Ruth Bader Ginsburg has been a fake hip-hop icon since at least 2013, when the nickname Notorious RBG went viral, thereby finally informing the venerated justice of the existence of Biggie Smalls. But she didn’t get her big-budget debut single until this past weekend. “Supreme Court’s a boys’ club, she holds it down, no cares given,” rapped a shirtless, chain-wearing Chris Redd on Saturday Night Live, while Kate McKinnon’s imitation Ginsburg shook up a beer from the bench. “Who else got six movies about ’em who’s still livin’?”
The song’s the latest in a resurgent SNL genre: hip-hop parody. The past two seasons have brought “Permission,” a rap about consent; “Trees,”a rap about trees; “Friendos,” a rap about therapy; “Tucci Gang,” a rap about Stanley Tucci; and “Rap Song,” a rap about there being too many rappers. There’ve also been musical skits involving Nicki Minaj (joining Tina Fey in a tribute to the soft rockers Haim) and Cardi B (meeting the superfan Aidy Bryant). Some of these songs aired on TV and some went straight to YouTube; many feature Redd, a writer/actor, and the actor Pete Davidson, who in real life record as the Gooney Tunes. Almost every one of the parodies, on some level, told the same joke.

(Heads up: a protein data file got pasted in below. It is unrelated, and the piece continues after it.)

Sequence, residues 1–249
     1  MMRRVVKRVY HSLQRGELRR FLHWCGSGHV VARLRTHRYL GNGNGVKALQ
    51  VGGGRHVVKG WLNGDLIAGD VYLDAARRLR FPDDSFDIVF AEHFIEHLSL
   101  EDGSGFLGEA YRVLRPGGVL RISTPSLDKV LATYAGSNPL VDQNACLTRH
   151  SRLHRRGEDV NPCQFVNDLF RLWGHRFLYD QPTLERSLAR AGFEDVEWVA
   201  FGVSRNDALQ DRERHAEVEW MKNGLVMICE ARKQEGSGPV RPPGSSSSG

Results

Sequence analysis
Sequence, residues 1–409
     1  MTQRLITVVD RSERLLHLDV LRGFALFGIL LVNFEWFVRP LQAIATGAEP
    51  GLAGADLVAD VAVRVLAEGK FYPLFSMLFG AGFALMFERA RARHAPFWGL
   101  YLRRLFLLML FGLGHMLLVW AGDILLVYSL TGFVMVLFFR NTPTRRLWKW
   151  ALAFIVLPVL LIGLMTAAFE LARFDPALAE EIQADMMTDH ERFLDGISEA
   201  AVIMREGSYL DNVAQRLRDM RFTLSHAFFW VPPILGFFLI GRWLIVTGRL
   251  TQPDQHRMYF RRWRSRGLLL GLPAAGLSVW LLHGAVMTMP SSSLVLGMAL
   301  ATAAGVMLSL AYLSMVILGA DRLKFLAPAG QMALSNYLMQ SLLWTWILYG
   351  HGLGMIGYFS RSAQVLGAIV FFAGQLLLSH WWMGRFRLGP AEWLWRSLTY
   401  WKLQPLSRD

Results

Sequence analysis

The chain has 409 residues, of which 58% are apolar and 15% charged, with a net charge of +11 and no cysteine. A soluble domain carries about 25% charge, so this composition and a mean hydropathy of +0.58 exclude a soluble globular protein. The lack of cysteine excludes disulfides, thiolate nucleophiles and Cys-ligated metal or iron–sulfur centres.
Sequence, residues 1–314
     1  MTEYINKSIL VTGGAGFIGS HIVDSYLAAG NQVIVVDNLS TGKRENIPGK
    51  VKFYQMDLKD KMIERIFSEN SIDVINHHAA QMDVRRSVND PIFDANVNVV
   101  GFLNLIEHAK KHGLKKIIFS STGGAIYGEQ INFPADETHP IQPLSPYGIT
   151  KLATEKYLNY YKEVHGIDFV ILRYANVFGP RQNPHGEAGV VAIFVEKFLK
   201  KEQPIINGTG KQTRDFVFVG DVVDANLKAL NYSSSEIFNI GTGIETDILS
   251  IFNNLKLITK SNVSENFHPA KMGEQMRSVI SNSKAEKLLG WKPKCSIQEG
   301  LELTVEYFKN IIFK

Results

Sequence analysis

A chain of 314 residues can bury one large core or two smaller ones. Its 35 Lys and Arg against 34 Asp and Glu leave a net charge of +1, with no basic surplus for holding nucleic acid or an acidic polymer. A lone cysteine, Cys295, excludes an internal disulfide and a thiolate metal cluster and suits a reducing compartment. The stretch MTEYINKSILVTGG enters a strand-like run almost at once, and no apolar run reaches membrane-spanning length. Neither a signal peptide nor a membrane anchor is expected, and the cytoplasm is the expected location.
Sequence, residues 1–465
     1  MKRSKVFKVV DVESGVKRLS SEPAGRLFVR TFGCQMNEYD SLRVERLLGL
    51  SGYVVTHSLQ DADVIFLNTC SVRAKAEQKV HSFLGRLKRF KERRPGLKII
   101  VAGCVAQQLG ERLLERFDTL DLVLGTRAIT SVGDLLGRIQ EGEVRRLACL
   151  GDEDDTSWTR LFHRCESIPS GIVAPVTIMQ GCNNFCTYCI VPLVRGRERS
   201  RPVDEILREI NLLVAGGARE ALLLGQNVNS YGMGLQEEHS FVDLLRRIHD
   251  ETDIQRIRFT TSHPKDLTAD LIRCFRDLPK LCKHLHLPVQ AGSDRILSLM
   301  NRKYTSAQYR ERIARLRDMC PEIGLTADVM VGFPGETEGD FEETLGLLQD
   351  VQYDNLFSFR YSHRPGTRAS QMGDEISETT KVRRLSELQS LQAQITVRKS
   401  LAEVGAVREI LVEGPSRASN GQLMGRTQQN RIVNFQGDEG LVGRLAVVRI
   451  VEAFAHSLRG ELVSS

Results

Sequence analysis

Again and again: A person (often white) or subject matter (usually nerdy) goes unexpectedly hard, meeting with the aggression, swagger, and raunch of rap. Sometimes it’s rowdy emcees who reveal a sensitive side, as when the “Friendos”—three guys in dreadlock wigs who closely resemble Migos—spill their feelings to a shrink. Sometimes there’s a workaday dweeb powering up, as when the timid Bryant starts okurring like Cardi B. The subtext is that rap as it’s typically known isn’t a place for wonkiness, vulnerability, or acclaimed character actors, except in jokes.